BRIDEGROOM OF 81. [Newspaper Article] — Grenville Standard — 13 March 1915
BRIDEGROOM OF 81. At Northampton registry office Wil- j liam Jones Mann, 81, widower, mar ried Elizabeth Norton Green, 77, a widow. Both hail from Lower Hey ford, Northamptonshire. Mann, who had twice previously been married, is one of a family of 24 children. „He started work as a lasting boy in the boot trade when eight years old, and still earns his living as a boot re pairer.
Skipton News. [Newspaper Article] — Grenville Standard — 13 March 1915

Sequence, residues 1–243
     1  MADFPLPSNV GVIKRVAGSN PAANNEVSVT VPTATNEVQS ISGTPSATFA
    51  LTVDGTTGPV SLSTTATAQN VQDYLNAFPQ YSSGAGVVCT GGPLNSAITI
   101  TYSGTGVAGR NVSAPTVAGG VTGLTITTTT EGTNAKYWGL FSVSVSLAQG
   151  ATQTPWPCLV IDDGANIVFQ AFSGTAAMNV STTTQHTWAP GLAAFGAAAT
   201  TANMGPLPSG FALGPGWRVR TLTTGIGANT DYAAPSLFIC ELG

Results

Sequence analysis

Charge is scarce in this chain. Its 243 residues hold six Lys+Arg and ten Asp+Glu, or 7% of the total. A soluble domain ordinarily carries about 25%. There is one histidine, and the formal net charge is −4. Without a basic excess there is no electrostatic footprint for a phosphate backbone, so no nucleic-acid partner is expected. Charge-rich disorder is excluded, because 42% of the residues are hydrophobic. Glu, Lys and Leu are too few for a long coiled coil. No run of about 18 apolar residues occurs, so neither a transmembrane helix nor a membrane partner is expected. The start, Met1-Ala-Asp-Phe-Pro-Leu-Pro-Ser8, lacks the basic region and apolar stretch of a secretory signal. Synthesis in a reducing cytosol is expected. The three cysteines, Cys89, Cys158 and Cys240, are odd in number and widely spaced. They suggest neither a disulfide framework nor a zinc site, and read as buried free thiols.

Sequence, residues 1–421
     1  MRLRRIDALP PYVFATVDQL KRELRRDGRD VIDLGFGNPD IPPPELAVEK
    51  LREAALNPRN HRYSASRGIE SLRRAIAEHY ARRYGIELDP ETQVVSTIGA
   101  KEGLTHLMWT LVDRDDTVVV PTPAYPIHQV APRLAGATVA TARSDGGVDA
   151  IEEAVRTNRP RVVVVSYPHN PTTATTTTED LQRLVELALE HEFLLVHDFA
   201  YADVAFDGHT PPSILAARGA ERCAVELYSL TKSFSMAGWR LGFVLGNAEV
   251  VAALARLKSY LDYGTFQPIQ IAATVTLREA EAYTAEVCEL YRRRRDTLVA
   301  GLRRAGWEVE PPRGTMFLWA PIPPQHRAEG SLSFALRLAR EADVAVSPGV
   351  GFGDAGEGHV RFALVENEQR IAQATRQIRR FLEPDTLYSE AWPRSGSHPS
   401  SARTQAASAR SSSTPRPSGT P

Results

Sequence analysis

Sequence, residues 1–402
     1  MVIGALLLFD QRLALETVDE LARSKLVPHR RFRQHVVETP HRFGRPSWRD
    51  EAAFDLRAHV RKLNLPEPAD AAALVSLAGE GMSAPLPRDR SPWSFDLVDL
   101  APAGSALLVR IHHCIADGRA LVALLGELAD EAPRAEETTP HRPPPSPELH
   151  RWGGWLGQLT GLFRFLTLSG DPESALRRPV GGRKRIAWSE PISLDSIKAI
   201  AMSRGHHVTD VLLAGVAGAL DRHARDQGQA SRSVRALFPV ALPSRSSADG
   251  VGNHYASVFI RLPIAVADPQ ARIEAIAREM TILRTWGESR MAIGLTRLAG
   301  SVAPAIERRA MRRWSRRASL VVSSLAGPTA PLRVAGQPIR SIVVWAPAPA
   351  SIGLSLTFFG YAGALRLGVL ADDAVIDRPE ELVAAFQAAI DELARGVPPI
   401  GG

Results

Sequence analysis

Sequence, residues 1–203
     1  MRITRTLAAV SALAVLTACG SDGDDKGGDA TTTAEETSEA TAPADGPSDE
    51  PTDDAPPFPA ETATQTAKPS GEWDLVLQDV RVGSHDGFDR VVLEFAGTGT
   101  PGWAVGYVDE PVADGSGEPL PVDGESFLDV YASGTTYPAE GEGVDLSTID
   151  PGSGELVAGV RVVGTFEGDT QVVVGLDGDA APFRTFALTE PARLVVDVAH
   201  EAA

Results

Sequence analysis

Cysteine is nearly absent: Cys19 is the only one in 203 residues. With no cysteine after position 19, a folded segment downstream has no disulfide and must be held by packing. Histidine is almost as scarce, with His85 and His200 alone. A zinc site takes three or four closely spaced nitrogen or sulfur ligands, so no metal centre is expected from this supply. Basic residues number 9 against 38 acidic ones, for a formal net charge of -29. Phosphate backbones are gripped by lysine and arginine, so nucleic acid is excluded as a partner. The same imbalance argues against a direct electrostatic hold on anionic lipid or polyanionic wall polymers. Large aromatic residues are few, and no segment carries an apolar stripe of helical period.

Two yonng motorists met with a double misfortune while journeying to Hamilton on Wednesday night. At about 11 o'clock, when a couple of miles past Streatham, the car went into a rut, and the bump bent the front axle so much that the wheels were forced agaiust the body of the car and would not re volve. Leaving all their chattels iu the car, they walked back to Streatham and staved the night at the hotel. Gu re turning in the morning, they found that practically everything movable in the car had disappeared. Rugs, a coat valued at £3, a hat, and even the tag of tools were gone. The theft was re ported to Constable Cawsey at Skipton. He went to Streatham to investigate. The bent axle was repaired by the local blacksmith, and the motorists resumed their journey. At a meeting of the Progress Asso ciation on Saturday night, it was de cided to ask the Hampdenshire Council to connect the creek with the local tank to provide a temporary- supply of water. Both the Hampden and the Riponshire ...